The good news in the latest collection of albums in the "Capitol Sings" series, which showcases the works of noteworthy songwriters from the pre-rock era, is that the releases salute such memorable figures as Carmichael and Harold Arlen.
The problem continues to be that the series forces us to settle for versions that were recorded for Capitol, which means we often do not get the definitive versions of the songs.
In "Stardust," for instance, Carmichael, the composer and sometimes lyricist who has been called the most quintessentially American songwriter, is well served by Nat King Cole on the title tune (which was co-written by lyricist Mitchell Parish), Mel Torme on "Heart and Soul" (lyrics by Frank Loesser), Bing Crosby and Louis Armstrong on "Lazy River" (co-written by Sidney Arodin) and Chet Baker on "I Get Along Without You Very Well."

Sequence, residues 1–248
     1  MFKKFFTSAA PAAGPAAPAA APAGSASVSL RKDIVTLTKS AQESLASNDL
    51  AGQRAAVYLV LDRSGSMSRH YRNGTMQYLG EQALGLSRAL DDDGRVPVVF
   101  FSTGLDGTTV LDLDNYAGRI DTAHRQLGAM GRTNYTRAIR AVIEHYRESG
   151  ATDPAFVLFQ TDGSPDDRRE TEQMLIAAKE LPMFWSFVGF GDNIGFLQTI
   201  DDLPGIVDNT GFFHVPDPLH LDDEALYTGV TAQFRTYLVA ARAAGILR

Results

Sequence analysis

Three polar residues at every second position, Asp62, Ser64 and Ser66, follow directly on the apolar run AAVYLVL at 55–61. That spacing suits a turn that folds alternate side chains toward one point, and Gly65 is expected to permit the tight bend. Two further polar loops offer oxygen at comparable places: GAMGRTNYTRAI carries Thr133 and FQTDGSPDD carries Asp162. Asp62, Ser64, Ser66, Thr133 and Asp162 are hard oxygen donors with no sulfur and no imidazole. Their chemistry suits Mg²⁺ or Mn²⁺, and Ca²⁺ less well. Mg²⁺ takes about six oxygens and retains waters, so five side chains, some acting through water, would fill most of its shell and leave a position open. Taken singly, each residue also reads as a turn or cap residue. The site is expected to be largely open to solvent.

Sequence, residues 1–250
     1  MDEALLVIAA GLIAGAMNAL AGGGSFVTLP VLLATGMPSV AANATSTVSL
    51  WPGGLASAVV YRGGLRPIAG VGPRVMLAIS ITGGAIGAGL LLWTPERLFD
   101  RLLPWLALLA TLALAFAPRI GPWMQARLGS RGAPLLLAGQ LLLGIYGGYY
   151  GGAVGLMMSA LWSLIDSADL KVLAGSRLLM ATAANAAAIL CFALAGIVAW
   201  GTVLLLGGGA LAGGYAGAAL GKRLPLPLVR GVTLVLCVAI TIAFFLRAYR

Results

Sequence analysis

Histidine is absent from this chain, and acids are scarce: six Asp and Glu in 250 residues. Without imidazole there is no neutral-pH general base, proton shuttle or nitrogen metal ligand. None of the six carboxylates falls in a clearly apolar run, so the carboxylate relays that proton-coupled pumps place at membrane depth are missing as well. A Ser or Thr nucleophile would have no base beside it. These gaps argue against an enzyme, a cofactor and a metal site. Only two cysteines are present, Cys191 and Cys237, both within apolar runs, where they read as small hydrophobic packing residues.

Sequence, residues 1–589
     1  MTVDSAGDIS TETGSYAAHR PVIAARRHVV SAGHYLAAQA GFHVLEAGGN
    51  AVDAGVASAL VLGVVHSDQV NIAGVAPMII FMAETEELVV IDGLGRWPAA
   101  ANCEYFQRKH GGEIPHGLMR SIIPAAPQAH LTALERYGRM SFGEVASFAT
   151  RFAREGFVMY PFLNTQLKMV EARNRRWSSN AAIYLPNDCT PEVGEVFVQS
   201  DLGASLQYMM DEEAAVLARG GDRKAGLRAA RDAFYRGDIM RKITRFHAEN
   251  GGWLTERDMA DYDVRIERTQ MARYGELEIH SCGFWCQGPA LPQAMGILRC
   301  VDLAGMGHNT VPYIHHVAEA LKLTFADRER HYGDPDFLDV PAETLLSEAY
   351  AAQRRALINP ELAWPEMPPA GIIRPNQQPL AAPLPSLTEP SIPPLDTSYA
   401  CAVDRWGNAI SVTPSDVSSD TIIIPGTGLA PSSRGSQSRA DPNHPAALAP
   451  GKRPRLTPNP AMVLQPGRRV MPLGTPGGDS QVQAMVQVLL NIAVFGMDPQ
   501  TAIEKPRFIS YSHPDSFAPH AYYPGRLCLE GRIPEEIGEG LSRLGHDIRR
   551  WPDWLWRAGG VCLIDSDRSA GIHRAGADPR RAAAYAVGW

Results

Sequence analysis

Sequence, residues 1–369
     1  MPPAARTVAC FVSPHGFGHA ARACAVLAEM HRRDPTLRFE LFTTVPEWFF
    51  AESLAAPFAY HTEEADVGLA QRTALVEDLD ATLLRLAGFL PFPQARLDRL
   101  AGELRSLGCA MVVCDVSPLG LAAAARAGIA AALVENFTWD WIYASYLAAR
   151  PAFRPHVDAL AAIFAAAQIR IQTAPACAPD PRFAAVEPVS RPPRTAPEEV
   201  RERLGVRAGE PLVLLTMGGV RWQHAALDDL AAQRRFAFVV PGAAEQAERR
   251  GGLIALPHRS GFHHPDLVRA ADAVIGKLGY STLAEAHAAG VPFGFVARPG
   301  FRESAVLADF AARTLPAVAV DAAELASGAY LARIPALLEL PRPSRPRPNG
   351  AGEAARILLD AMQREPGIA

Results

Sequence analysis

But it seems to be settling for second best (or less) when you hear Dean Martin (instead of Bing Crosby) on "In the Cool, Cool, Cool of the Evening" (lyrics by Johnny Mercer), Lou Rawls (instead of Ray Charles or Willie Nelson) on "Georgia on My Mind" (lyrics by Stuart Gorrell) and Ed Townsend on "Rockin' Chair."
Highlights of the Arlen package, which gets the same three-star rating, include Johnny Mercer's version of "Ac-cent-tchu-ate the Positive" (lyrics by Mercer), Peggy Lee's "Come Rain or Shine" (also lyrics by Mercer) and the Nat King Cole Trio's previously unreleased "It's Only a Paper Moon" (lyrics by E.Y. Harburg and Billy Rose).
The series would also be greatly improved by liner notes, giving listeners both information about the songwriters and an analysis of their work. Other writers saluted in latest installments in the series: Sammy Cahn, Jimmy McHugh, Frank Loesser and Harry Warren.
Albums are rated on a scale of one star (poor), two stars (fair), three stars (good) and four stars (e x cellent).